On the 25th anniversary of the arrest of Ted Kazcynski, who eluded justice during a nearly two-decade string of bombings that terrified the nation, the three FBI agents who led the investigation have written a book with new details of the case. In a conversation with TCR, Donald Noel, one of the agents, draws some lessons for the pursuit of today’s high-tech criminals.
The FBI says its new National Use-of-Force Data Collection project’s goal is not to investigate specific cases, but “to offer a comprehensive view of the circumstances, subjects, and officers involved in such incidents nationwide.”
Speaking at a convention of police chiefs in Orlando, Christopher Wray cited the opiate crisis, mass violence, terrorism and cyber threats as law enforcement priorities. And the leader of an agency that has faced oppressive attacks from Donald Trump pointedly said that law enforcers must “tune out the noise” emanating from critics.
A 15-member panel assembled by the National Academy of Sciences said Wednesday that current statistics collection has left gaps in data about many offenses affecting American life today. It also recommended that the government consider centralizing the control of collecting crime statistics.
The FBI’s Internet Crime Complaint Center received nearly 300,000 cases in 2016, and only 15 percent of victims even report crimes in the first place. “The threat is now coming at us from all sides,” says FBI Director Christopher Wray.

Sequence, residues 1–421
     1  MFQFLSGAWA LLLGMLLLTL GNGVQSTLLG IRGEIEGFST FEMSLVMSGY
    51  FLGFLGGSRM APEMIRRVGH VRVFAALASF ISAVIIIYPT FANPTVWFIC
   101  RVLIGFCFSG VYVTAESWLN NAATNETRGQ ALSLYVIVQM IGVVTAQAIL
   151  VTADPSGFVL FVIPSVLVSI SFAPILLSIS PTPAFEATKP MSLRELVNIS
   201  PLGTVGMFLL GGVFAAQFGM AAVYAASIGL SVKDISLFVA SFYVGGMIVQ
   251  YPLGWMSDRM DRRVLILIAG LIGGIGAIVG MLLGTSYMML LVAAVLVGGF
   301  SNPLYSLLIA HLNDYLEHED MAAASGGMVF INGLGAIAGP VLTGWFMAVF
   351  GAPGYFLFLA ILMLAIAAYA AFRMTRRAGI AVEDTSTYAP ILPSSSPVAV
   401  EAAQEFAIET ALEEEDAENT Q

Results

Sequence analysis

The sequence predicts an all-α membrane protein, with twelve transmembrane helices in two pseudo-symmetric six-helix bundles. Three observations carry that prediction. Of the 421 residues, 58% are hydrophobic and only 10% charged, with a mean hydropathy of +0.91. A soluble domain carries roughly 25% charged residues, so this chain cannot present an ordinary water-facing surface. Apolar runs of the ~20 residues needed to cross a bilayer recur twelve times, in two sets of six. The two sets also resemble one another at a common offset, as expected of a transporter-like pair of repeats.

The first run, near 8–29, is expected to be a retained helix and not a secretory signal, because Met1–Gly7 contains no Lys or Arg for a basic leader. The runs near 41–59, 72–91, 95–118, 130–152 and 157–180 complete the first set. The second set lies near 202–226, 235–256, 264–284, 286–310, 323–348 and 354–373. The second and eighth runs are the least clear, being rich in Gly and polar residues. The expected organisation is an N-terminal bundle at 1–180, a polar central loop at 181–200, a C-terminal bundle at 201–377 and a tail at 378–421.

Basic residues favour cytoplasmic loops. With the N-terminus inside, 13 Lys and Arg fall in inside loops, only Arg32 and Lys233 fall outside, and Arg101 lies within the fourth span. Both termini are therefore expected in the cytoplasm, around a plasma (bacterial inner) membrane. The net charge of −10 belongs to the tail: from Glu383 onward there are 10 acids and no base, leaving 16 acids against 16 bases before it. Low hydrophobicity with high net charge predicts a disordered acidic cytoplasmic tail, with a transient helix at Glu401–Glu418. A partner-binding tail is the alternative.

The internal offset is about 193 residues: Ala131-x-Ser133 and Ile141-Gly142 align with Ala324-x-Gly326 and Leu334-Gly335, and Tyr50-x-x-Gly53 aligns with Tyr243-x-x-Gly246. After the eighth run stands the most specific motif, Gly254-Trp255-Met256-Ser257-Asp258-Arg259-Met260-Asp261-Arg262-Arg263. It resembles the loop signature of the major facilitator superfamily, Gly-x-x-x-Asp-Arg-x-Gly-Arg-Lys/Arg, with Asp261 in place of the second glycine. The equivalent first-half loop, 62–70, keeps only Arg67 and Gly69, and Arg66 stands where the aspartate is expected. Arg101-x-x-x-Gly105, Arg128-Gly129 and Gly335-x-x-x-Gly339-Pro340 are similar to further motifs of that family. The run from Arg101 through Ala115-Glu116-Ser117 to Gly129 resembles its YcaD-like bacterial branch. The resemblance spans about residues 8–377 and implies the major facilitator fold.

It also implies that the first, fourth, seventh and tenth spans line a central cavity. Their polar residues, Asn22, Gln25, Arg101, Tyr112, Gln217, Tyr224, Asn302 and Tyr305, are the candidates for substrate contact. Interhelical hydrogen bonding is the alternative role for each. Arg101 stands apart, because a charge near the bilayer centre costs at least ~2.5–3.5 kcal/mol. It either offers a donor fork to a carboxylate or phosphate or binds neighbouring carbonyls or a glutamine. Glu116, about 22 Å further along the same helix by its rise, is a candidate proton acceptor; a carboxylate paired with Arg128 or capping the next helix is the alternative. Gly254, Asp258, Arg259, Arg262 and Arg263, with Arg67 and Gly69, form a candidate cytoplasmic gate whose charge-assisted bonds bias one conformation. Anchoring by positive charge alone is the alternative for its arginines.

Calls for greater independence of the FBI in the wake of concerns about the Trump investigation are misguided, says a University of Louisville law professor. He argues those who worry about presidential interference should support creating a separate federal crime agency while keeping its counterintelligence functions answerable to the president.
FiveThirtyEight noticed that the FBI’s 2016 Uniform Crime Report, the first released under the Trump administration, was missing 70 percent of the data tables that were included in past editions. The feds fired back, alleging a “false narrative” and claiming that plans to “streamline” the report date to 2010. FiveThirtyEight’s data sleuths are not convinced.